The CSS total showed an interaction effect from T0 to T1 (F(1, 33.2)=9.3, p<0.01), indicating that the 60-year-olds to 80-year-olds in the intervention group showed significantly more improvement than the 60-year-olds to 80-year-olds in the control group. This effect persisted from T0 to T2 (F(2, 63.7)=4.3, p<0.05). There was also an interaction effect from T0 to T1 for the non-verbal subscale, with the 60-year-olds to 80-year-olds in the intervention group showing significantly greater improvement (F(1, 33.7)=7.4, p<0.05) compared with the 60-year-olds to 80-year-olds in the control group. This effect persisted from T0 to T2 (F(2,64.1)=4.2, p<0.05). It may be noted that the participants of the age 60–80 years in the control group declined over time as measured by CSS total and non-verbal subscale, and that improvements in the intervention group were of small or moderate effect size. However, the younger subgroup (20–59 years of age) was improving over time in both the control (small effect sizes) and the intervention group (moderate or large effect sizes).
A sensitivity analysis was performed for the HHIE, CSS and HADS by excluding all data from the participants who did not complete all three measurement time points (T0, T1 and T2; n=50). However, 50 participants are not sufficient to ensure a between-group effect of 80%. Nonetheless, the sensitivity analysis revealed an interaction effect for the HHIE emotional subscale from T0 to T1 (F(1, 48.0)=4.3, p<0.05), with the intervention group showing an advantage, as shown in online supplementary appendix II. This interaction effect did not remain 6 months post-treatment.
The interaction effect for the CSS total that was achieved when participants were treated on an ITT basis (n=74) was not apparent in the sensitivity analysis (n=50). The results for the CSS showed an interaction effect for the non-verbal subscale from T0 to T1 (F(1, 48.0)=6.8, p<0.05) and from T0 to T2 (F(2, 96.0)=3.5, p<0.05), with the intervention group showing significantly greater improvement compared with the control group, similar to the results for the whole group (n=74).
Furthermore, the sensitivity analysis showed significant results for the HADS total scale from T0 to T2 (F(2, 96.0)=3.1, p<0.05), indicating that the intervention group’s scores had improved more than those of the control group. The sensitivity analysis for the remaining scales and subscales showed no changes in significance compared with the previous analysis (n=74), as shown in online supplementary appendix II.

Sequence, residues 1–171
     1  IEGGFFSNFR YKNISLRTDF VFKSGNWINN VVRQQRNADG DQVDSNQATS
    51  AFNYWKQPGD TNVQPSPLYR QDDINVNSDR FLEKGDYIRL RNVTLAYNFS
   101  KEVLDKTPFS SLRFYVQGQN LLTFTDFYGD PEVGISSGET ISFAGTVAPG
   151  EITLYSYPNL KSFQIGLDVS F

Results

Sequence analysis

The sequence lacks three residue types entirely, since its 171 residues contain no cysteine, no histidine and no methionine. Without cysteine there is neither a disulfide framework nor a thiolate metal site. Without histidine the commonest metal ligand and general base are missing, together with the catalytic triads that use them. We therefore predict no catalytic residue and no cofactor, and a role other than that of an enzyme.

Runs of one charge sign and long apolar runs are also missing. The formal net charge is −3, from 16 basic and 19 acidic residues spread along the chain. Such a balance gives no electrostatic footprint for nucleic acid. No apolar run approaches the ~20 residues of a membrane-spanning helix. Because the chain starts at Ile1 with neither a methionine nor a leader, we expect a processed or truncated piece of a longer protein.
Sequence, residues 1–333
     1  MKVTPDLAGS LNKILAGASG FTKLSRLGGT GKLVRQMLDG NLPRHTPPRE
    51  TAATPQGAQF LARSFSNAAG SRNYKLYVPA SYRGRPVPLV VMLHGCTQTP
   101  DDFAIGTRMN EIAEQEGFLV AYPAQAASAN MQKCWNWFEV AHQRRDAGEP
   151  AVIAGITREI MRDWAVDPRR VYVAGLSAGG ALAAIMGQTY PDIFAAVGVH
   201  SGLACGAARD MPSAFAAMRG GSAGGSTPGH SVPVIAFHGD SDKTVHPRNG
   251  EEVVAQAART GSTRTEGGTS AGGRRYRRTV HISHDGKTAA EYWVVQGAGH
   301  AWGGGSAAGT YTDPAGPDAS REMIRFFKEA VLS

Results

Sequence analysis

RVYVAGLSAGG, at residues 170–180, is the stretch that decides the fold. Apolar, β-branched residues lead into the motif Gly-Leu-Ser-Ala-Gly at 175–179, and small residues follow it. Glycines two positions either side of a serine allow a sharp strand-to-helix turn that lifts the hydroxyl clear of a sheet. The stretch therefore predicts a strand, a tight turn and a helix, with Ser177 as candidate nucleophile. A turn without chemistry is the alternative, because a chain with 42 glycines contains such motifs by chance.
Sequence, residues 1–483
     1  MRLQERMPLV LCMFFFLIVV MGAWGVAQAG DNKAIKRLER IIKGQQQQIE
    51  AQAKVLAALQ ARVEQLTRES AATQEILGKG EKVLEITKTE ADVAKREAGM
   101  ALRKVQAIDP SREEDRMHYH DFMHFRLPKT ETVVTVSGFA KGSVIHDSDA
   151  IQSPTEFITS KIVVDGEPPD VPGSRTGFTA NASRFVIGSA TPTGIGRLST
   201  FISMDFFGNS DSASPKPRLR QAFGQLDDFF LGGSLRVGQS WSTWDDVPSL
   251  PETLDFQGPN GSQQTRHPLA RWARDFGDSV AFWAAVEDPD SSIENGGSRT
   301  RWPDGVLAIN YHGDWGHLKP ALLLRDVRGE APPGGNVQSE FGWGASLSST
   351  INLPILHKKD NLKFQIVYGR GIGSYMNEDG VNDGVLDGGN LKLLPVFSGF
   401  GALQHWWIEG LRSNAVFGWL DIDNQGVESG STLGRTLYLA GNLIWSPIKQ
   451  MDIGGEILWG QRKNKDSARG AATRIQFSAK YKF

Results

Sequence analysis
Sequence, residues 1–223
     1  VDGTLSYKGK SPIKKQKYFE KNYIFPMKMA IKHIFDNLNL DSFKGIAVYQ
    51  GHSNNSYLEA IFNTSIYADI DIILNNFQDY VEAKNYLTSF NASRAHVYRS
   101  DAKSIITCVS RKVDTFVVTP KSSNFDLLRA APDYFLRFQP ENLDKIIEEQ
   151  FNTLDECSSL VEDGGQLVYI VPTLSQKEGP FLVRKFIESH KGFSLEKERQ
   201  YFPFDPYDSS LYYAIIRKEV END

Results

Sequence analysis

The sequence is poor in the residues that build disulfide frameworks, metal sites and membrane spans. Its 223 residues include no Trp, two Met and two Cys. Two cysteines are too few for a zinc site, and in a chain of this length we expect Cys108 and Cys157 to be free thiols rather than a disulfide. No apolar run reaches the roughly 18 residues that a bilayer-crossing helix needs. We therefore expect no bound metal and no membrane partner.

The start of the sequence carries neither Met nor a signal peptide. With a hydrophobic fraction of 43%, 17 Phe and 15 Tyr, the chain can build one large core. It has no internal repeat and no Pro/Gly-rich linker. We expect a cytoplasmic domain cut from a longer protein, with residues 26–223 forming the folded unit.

The aim of this study was to evaluate whether internet-based AR for HA users would be effective in GCP and whether the assumed positive effect of participating in the internet-based AR programme would be maintained 6 months after the programme was completed. Our aim was also to analyse the effect of the programme in two age groups.
Both the intervention group and the control group improved their HHIE scores from T0 to T1 and from T0 to T2; however, the improvements were not significantly different between groups, unlike the findings of our research group’s previous study18 (for demographics, see table 1). Differences in the results could be related to differences in the recruitment process. In our previous study,18 the participants were recruited through advertisements and articles in Swedish national daily newspapers and on the internet; the recruited participants were well educated and had a higher education level than the general population. This indicated that the intervention programme is well suited for educated patients, although education was not a significant predictor of intervention outcomes.42 This recruitment strategy recruited participants who actively sought involvement in research. Additionally, the participants were somewhat older and were more experienced HA users than the participants in the current study. Thus, the internet-based intervention programme may be more suited for older adults and experienced HA users than for younger adults and less experienced. Also, the participants in the current study received similar clinical treatments prior to participating in the study, which may impact the effectiveness of the current study, in particular if the participants experience positive clinical treatment outcomes. Another underlying explanation for the differences in improvement could be that the control group was more active in the present study compared with our previous study,18 in which the participants read a book about the history of HAs, although not online. Participants being enrolled in a research study might generally be more positive after their participation,43 which could be considered a research bias assuming that the full internet-based AR is more effective than one element of the programme. A borderline significant interaction effect emerged for the HHIE emotional subscale from T0 to T1, indicating that the full internet-based AR could have had a positive impact on the emotional effects of the participants’ hearing loss. This could be due to the reading and home training elements that by educating raises participants’ abilities, which can lead to increased self-esteem. This increased self-esteem might be additionally acknowledged by the audiologist during the weekly telephone consultations.